“Few in Iraq were surpised when Ali Hassan al Majid, or Chemical Ali, was handed down a death sentence on Monday for his role in crushing a Shiite uprising in 1999. After all, it was the third time the Iraqi High Tribunal has issued him the verdict. […] ‘They are playing with people’s emotions, ’said Lu’ay Fadil, 27, an unemployed former arts student. ‘It is clear [al Majid] is guilty, but some people are getting benefits from a long trial.’Some believe the trials of former Baathists are being dragged out by the government to try to make amends for the rushed and flawed trial of Saddam. Many countries, including the United States, raised complaints about the mayhem that surrounded the former dictator’s execution. […] Notorious for his fondness of using chemical weapons, al Majid, Saddam’s cousin and a former member of Saddam’s Revolutionary Command Council, as well as a former defence minister and adviser, showed little emotion as the judgment was read out.” (The National; 06Mar09; Tim Albone)
Glitches delay 'dirty bomb' detection at U.S.-Canada border
“Technological glitches have put on hold a U.S. plan to equip its customs agents along the Canadian border with portable equipment designed to detect radioactive material being smuggled into the country. The U.S. officers were supposed to be equipped with the gear that would allow them to more easily ferret out radioactive substances, or so-called ‘dirty bombs,’ that could be smuggled in by terrorists. […T]he devices may not be in place until 2012, according to a newly released report from the U.S. Government Accountability Office, an organization similar to Canada's auditor general. The report notes that some improvements have been made at U.S. border crossings to detect radioactive materials. Both portable and large-scale detectors are in use, but the devices have not been issued to patrols who monitor the tracts of open land between the border crossings.” (Ottawa Citizen; 05Mar09; David Pugliese) http://www.ottawacitizen.com/news/Glitches+delay+dirty+bomb+detection+Canada+border/1358002/story.html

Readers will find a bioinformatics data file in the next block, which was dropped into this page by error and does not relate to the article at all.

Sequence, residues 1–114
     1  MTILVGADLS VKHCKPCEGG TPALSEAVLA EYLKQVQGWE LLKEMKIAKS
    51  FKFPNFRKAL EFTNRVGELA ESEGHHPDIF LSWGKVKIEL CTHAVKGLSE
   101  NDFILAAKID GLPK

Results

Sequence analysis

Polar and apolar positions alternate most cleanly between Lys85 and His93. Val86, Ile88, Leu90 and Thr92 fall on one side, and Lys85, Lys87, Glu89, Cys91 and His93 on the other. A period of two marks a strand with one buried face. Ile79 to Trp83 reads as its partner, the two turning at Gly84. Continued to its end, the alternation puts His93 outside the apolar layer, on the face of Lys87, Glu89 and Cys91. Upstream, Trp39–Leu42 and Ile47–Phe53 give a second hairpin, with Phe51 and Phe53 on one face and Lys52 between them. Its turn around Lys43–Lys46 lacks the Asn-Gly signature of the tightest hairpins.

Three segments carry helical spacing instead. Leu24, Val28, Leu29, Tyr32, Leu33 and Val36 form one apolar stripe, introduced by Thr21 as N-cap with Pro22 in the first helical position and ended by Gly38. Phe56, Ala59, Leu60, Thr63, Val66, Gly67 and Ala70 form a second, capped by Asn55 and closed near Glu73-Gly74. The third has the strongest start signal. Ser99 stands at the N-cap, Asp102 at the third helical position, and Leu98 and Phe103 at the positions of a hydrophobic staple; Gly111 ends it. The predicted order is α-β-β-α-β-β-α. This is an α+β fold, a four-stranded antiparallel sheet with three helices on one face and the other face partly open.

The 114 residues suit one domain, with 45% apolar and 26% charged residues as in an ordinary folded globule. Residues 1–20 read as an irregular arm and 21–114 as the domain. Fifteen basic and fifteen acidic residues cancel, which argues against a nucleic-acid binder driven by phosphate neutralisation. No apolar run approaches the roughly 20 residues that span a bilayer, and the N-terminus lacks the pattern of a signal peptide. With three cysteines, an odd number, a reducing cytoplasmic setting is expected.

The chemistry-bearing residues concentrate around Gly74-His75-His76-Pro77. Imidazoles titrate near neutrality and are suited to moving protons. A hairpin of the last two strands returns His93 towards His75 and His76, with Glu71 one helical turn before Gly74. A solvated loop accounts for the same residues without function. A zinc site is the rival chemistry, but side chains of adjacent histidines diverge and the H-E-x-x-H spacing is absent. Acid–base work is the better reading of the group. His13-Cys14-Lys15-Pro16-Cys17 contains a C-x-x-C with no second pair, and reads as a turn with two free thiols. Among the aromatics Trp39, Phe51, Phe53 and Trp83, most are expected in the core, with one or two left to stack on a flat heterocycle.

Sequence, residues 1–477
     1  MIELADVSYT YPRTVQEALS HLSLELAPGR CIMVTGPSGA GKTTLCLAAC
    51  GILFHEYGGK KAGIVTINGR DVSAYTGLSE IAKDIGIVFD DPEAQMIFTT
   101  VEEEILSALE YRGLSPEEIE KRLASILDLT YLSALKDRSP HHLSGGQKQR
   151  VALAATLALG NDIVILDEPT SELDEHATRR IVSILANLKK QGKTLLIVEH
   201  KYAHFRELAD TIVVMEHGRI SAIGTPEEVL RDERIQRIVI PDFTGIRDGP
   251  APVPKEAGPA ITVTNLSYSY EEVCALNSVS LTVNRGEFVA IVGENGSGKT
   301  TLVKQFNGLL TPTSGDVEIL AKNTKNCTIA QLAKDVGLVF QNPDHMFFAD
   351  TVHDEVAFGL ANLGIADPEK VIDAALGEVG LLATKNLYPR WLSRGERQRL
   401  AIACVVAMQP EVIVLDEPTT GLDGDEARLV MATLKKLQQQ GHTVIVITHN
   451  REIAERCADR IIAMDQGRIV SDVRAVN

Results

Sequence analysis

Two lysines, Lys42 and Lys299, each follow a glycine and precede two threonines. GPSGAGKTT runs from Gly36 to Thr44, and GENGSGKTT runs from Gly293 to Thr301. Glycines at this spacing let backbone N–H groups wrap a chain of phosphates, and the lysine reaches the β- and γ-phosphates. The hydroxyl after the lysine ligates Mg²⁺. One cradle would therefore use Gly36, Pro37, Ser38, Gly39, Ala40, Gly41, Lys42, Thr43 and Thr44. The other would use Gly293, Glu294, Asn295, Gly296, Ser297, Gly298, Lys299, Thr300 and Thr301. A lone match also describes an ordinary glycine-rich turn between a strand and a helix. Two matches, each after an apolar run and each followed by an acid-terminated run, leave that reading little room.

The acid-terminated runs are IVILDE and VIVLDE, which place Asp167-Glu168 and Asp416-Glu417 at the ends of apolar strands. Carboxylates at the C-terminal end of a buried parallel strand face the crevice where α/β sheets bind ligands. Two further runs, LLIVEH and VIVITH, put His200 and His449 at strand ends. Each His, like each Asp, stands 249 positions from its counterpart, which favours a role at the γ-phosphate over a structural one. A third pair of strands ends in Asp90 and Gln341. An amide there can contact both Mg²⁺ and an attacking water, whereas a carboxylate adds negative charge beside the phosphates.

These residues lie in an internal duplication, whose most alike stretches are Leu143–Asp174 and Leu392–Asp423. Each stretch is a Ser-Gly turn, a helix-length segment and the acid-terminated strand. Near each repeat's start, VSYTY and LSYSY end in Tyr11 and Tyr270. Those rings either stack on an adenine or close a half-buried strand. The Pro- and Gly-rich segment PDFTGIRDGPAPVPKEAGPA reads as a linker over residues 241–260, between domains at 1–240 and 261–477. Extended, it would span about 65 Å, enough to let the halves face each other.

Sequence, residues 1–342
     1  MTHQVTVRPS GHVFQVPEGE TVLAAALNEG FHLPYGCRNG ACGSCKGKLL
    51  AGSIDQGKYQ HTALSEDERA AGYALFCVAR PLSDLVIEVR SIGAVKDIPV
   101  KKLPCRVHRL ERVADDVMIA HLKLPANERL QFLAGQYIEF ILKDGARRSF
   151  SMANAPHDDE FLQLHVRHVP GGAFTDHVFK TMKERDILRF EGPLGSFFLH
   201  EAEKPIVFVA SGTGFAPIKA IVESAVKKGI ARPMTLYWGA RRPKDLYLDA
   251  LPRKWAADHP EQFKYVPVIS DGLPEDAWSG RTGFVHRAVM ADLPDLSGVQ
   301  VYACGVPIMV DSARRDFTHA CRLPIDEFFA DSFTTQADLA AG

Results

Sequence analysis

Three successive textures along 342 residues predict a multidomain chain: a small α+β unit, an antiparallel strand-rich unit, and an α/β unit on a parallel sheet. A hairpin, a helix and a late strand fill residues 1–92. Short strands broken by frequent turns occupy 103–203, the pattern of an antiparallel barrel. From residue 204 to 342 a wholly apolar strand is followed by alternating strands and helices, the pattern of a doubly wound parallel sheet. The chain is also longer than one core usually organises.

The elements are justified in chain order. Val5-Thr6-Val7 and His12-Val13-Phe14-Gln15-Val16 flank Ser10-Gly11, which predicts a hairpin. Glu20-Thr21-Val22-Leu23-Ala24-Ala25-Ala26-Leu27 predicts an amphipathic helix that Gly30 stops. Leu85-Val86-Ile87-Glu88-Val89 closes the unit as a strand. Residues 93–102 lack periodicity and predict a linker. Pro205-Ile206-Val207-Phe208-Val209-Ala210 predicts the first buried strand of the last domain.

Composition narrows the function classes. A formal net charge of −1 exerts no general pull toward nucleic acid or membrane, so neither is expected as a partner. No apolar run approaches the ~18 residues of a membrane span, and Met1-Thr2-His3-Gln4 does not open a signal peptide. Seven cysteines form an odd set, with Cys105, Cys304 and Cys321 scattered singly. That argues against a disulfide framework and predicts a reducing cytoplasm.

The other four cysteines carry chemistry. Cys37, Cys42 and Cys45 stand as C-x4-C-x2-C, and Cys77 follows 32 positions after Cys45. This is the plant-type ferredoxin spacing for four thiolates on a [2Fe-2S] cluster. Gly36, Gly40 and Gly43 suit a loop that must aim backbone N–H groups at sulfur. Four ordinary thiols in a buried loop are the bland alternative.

Microbicide gel prevents female monkeys from contracting HIV-like virus [and mitigates effects of Toxic Shock Syndrome Toxins]
“University of Minnesota researchers in Minneapolis say that a microbicide gel made from glycerol monolaurate, an ingredient in some foods and cosmetics, has shown some promise in protecting female monkeys from contracting an HIV-like virus. […Immunologist] Ashley Haase’s team found how and when the immune system recruits more CD4+ cells to the site of infection — a response that helps the virus to spread. The researcher thinks that inhibiting this immune response may help stop the virus in its tracks. […] The researcher added that the compound also inhibits some immune responses to a toxic shock syndrome toxin. Thus, Haase and his colleagues decided to mix glycerol monolaurate with a gel, and test its ability to block SIV [Simian immunodeficiency virus] infection in the macaques. Two weeks later, four of the five control monkeys that were treated with the gel alone were infected with the virus. The researchers said that none of the monkeys treated with glycerol monolaurate showed evidence of infection in the first two weeks, although one of them did later develop an infection.” (Duniya Live; 05Mar09)